Send us your pictures, video, news and views by texting DST to 80360 or email us
A wedding ceremony of opulence and elegance
The 120-year-old Bowes Museum was the setting for horses, helicopters and sports cars yesterday as a glitzy wedding with a difference rolled into town. Duncan Leatherdale was among the onlookers
FOR all that they were getting married yesterday, Nazmin Begum and her new husband Shumed Saddique barely saw each other.
It seemed like the occasion was a chance for each to spend a final few hours with friends and loved ones before embarking on their new life together.
And both were determined to make the most of their special day, which made for colourful theatrics and scenes unlikely to be seen again at this historic landmark, and ensured that any notion of schedule swiftly went out the window.
Clare Robson, a friend of the bride’s family and expert in organising Bengali Muslim weddings, said with a resigned sigh: “Time-keeping is not very important on days like this. It is all about spectacle and opulence, and not so much about keeping to a schedule. We just have to get on with it.”
The 24-year-old bride, from Darlington, whose family run the Spice Island restaurants in Darlington and Barnard Castle, arrived shortly after 1pm in a gleaming white, open-top carriage pulled by two large white and grey horses.
The rest of her party followed in a giant, stretch Hummer, which had some difficulty negotiating the cars parked along the museum’s sweeping driveway, before coming to a stop outside the main entrance where pictures were taken.
She was then led to the stately Jubilee Room, where she would eat and spend the next few hours before joining her husband and the rest of the guests for a final ceremony of cake-cutting and posing for more pictures.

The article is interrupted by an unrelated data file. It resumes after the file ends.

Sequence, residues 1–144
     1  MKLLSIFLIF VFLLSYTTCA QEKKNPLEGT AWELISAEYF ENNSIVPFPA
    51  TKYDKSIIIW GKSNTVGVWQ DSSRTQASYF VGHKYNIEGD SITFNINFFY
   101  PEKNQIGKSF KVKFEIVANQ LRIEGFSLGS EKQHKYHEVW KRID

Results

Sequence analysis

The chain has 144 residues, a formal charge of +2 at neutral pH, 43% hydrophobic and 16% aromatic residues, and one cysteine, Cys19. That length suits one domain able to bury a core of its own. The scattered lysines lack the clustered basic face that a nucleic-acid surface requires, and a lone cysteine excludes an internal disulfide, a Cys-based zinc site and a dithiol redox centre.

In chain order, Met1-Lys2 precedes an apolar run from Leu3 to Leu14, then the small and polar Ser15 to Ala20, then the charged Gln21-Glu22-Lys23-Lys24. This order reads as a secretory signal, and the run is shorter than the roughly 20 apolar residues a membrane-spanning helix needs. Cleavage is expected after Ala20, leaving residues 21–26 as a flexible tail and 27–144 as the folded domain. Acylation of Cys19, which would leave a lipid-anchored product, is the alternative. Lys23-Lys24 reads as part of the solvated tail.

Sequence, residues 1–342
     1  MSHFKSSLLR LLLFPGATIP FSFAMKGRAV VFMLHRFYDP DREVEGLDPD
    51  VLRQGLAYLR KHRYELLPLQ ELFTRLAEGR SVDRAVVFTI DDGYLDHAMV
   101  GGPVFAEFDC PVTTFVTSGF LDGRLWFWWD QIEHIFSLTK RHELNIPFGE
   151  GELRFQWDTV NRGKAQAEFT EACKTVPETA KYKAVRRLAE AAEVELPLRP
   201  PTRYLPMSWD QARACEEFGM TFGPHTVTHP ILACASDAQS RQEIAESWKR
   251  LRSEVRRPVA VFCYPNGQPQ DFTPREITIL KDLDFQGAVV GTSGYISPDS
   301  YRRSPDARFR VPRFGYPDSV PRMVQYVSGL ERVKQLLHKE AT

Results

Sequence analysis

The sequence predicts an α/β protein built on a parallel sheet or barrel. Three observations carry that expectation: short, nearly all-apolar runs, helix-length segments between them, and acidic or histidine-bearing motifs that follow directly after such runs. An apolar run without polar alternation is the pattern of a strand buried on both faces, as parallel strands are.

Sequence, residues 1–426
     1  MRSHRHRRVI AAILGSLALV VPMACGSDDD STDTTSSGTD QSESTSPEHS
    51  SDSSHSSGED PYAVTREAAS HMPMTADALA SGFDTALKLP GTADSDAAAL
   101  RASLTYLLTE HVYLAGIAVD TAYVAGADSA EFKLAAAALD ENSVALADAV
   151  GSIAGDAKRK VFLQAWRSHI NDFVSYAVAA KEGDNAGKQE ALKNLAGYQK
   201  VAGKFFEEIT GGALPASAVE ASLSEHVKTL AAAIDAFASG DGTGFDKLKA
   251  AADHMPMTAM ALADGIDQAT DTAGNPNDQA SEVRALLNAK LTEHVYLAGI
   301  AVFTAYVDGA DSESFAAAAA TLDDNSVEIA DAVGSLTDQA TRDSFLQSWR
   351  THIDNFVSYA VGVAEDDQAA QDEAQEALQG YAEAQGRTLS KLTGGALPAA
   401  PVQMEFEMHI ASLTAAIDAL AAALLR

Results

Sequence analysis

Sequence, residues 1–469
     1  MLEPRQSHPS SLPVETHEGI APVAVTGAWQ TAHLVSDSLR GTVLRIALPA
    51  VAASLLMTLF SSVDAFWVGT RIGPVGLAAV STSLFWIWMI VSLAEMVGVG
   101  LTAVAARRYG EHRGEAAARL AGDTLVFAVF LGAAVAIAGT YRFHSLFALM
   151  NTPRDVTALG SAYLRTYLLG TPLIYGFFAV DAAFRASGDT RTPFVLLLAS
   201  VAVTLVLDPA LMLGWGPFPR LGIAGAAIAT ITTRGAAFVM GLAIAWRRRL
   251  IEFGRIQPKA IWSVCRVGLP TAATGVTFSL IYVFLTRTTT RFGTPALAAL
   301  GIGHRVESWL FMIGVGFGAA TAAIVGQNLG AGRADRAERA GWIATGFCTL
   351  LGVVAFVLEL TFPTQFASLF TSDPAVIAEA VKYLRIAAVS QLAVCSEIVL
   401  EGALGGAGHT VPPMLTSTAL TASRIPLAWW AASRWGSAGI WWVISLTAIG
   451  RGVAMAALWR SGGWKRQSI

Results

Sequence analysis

If the bride’s arrival was about elegance and refinement, the groom’s was about flash and noise.
The 22-year-old from Bedale , North Yorkshire, arrived by helicopter at neighbouring Barnard Castle School and drove into the museum grounds in a procession of sports cars, wheel spins and loud music.
Two dhol drummers dressed in exquisite robes then led the groom to the marquee where 500 guests were waiting – but barring his way were the bride’s family.
Traditionally, there would have been a dowry paid by the groom for his bride, and while the financial element is long gone, the ritual is still followed which sees the groom bartering with his soon-to-be in-laws.
Once agreement was reached, they whooped, threw confetti and went in for their feast, before later being joined by the bride herself.
The women were swathed in silks of the deepest, richest colours, all finely embroidered and glistening with golden jewellery, while the men wore suits, some conservative, some shiny.
The happy couple will never forget their wedding day – and neither will any of us who saw this tranquil museum become the setting for this beautiful and bold celebration.
Sheila Dixon, of The Bowes Museum, said: “We’ve had quite a few weddings here, including some from the Asian community, but never quite on this scale.”